Tell us about your work / research. What kinds of things do you do?
I am interested in how organisms survive in environments we once deemed inhospitable. This includes the deep sea, chemosynthetic and polar environments. Particularly, I seek to understand the interconnectedness between microbes, microfauna and megafauna in hopes of elucidating what methods and pathways these organisms exist through. In example, in my Masters project I am attempting to quantify the dependence of a population of species, historically known to feed on photosynthetically derived nutrients, on a methane seep environment that they were discovered at. The results of this research have the potential to provide evidence that chemosynthetic environments may be able to serve as oasis for organisms in times of stress, a meaningful find when related to potential climate change impacts. As many of these environments are remote and harsh to humans it requires specialized equipment - from remotely operated vehicles and submersibles to advanced cold water diving gear.
What sparked your initial interest in your career?
I truly believe that we are living in an amazing time in history, a time where our decisions and our actions can have a profound effect on the future of our species and our planet as a whole. Growing up on the Gulf Coast of Florida instilled a great love of the oceanic environment in my heart. I spent much of my free time at the beach, swimming around looking at the vast array of organisms and dreaming of the underwater world that existed past the horizon. I was in high school when the 2010 Deepwater Horizon oil spill hit and shook that very ecosystem and the community surrounding it to its bones. First it was tar balls washing ashore and then it was deceased sea creatures that had succumb to the outpouring toxins. From that moment on I knew that I was going to devote my life to improving our understanding of the oceans, helping to develop effective management strategies for these diverse and poorly understood environments.
Who influenced you or encouraged you the most?
Although it is slightly conventional, I was really inspired by reading stories of other successful female scientists such as Dr. Kathyrn Sullivan, Dr. Sylvia Earle and Sally Ride. As a kid I had all these fascinations but no knowledge of what to do with them - reading stories about women such as these showed me that almost anything is possible if you have your heart set on it and work hard enough.
What element of your work / study do you think is the most fascinating?
The places I get to go and the things I get to see, no matter if it is a shallow water dive or an expedition in the middle of the ocean I always get incredibly excited.
What other jobs led you to your current career?
During my undergraduate career I was fortunate enough to spend time in amazing and complex ecosystems with a diverse array of organisms, all with their own vital role in the dynamics of ecosystems surrounding them. From the developing countries I reheard in, Indonesia and America Samoa, I formulated a great understanding of the disparity that can exist between anthropogenic interactions with the environment and the ecological needs of the system. I dipped my toes into several different (but very related) fields including policy work through a legislative internship program, communication work through blogging and writing for the college newspaper, and ocean science work through working as a research assistant in laboratories. I began delving into the fascinating world of deep-sea ecology after attending a presentation on ocean exploration in Washington D.C. and was fortunate enough to work my way into a graduate program studying within this exciting field.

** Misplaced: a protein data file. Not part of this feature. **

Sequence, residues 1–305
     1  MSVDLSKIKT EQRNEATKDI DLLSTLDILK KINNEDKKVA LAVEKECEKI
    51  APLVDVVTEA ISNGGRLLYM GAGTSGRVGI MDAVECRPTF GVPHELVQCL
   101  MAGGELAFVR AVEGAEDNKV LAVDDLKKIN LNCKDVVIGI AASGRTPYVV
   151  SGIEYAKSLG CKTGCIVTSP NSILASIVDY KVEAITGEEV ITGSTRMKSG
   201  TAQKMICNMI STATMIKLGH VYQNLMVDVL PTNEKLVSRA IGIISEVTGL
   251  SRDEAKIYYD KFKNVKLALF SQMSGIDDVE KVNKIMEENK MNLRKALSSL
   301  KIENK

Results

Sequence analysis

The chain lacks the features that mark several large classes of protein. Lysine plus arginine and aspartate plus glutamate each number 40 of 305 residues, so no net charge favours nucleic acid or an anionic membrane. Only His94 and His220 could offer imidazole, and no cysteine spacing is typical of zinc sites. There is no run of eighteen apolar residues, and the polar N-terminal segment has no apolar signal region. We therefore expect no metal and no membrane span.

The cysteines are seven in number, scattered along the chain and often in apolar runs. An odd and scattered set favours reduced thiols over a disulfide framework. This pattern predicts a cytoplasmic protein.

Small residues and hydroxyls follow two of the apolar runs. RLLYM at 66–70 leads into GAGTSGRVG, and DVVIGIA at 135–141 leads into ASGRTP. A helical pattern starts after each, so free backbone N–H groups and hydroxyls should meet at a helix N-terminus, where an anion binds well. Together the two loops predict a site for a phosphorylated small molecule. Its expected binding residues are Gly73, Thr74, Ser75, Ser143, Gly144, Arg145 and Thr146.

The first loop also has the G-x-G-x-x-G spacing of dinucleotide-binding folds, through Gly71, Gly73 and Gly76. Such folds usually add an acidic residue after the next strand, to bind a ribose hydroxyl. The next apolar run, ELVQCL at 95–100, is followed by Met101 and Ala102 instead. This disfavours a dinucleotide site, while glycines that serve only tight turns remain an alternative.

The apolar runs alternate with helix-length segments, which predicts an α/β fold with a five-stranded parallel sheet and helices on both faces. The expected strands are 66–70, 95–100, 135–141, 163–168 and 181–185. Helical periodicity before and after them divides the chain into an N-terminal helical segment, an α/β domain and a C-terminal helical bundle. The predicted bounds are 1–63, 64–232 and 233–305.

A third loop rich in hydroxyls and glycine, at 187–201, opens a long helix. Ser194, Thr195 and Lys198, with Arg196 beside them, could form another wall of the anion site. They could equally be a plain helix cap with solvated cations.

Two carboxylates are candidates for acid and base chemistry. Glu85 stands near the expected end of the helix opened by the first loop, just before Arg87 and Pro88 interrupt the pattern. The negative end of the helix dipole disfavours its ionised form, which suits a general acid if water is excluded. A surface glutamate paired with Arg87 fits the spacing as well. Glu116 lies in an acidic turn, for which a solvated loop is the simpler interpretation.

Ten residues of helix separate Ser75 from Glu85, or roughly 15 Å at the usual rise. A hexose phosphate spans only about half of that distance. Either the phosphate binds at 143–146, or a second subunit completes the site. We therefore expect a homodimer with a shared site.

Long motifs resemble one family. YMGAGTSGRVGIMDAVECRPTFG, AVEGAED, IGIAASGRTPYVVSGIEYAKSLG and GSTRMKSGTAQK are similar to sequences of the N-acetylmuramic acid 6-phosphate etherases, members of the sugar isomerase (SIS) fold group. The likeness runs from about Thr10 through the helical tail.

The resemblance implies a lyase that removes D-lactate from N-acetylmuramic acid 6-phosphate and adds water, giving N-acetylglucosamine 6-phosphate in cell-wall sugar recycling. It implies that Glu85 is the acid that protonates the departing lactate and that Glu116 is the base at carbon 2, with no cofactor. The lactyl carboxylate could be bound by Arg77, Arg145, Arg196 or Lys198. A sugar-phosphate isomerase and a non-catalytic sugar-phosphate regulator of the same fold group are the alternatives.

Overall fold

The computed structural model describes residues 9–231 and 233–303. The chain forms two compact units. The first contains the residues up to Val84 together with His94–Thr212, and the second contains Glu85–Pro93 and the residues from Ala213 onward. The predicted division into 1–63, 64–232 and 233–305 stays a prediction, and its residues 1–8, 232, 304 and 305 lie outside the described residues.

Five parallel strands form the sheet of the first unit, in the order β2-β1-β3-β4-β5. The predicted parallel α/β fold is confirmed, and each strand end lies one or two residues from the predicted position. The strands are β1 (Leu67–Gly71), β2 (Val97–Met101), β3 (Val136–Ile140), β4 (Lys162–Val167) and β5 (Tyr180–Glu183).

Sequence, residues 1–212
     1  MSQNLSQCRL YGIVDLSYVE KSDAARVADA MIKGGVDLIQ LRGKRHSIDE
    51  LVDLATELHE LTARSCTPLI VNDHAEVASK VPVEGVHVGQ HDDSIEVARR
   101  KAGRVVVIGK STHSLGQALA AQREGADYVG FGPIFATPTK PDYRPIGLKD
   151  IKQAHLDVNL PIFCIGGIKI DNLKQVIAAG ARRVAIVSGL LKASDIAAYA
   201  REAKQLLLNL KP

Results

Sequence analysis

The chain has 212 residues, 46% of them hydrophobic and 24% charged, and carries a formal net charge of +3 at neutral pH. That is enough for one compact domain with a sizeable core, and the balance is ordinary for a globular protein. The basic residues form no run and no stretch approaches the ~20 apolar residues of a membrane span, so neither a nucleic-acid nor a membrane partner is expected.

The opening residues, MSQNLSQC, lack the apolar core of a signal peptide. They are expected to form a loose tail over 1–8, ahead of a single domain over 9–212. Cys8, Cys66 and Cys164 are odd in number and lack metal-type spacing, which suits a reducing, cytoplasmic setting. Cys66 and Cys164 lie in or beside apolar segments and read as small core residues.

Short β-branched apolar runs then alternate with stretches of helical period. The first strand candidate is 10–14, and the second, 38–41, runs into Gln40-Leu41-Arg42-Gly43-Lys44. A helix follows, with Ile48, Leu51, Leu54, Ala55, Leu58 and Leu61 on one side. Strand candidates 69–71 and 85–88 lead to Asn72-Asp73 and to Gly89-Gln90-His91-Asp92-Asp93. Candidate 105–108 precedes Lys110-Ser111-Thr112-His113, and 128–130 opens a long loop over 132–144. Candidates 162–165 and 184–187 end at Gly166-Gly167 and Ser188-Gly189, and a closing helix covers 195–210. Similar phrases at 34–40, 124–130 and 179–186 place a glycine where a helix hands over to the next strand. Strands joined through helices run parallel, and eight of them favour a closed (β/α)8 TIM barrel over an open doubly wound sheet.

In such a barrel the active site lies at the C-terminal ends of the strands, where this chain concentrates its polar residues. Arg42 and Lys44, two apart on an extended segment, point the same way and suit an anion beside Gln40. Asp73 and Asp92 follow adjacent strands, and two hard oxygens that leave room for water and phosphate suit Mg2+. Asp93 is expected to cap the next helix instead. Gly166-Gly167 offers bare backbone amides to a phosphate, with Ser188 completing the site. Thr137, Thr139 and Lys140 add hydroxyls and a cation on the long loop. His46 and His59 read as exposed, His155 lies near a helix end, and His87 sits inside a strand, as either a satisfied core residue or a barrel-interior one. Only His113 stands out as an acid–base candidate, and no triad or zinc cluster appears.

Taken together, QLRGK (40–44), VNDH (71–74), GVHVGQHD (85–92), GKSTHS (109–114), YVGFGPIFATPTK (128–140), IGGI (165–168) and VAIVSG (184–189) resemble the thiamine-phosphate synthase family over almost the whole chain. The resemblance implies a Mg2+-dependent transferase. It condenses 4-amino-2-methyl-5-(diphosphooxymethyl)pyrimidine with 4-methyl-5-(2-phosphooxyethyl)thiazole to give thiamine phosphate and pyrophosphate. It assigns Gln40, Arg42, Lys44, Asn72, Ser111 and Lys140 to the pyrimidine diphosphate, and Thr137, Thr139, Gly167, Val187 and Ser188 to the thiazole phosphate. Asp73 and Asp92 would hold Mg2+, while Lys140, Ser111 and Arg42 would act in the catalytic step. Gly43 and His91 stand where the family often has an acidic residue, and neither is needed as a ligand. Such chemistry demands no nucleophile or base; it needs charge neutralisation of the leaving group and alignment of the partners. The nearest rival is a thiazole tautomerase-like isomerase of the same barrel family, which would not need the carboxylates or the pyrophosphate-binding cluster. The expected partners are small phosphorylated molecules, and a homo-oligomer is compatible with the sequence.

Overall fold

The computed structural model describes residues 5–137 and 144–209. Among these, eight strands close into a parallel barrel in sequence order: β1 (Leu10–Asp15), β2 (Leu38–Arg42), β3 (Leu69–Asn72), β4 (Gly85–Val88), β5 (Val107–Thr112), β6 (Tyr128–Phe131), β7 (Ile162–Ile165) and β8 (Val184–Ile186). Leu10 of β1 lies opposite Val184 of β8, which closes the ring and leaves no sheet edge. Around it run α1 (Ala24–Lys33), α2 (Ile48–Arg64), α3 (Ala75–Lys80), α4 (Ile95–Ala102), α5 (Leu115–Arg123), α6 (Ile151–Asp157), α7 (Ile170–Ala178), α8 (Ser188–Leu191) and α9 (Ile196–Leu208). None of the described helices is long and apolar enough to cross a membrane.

What are your degrees and certifications?
Bachelor of Science, Marine Biology - University of South Florida 2015; Bachelor of Science, Environmental Science and Policy - University of South Florida 2015; PADI Rescue Diver, AAUS Scientific Diver, Divers Alert Network First Aid and O2 provider
What are your hobbies?
I love running (just finished my first of hopefully many marathons), scuba diving, biking, hiking, backpacking, kayaking and cooking (although I think I enjoy the eating part much more than the cooking part).
What advice would you give someone who wants to have a career like yours?
If oceanography, marine biology, or exploration is for you my advice is to never give up! It is a competitive and tough field, but the rewards are plenty and if you work hard enough you will find success. Take advantage of resources that are both around you and accessible via web. Go to seminars, workshops and conferences. Know that there are always things to be learned and everyday seek to learn something new. Don't be afraid to ask questions (it is very true that the only bad question is the one that wasn't asked). Be confident in yourself and shoot for the stars (or the deepest depths of the ocean, in this case).
How did you get involved with the Nautilus Exploration Program? How did you get on the ship?
I was offered a position on the vessel to assist in the on-ship science and elatedly accepted the offer.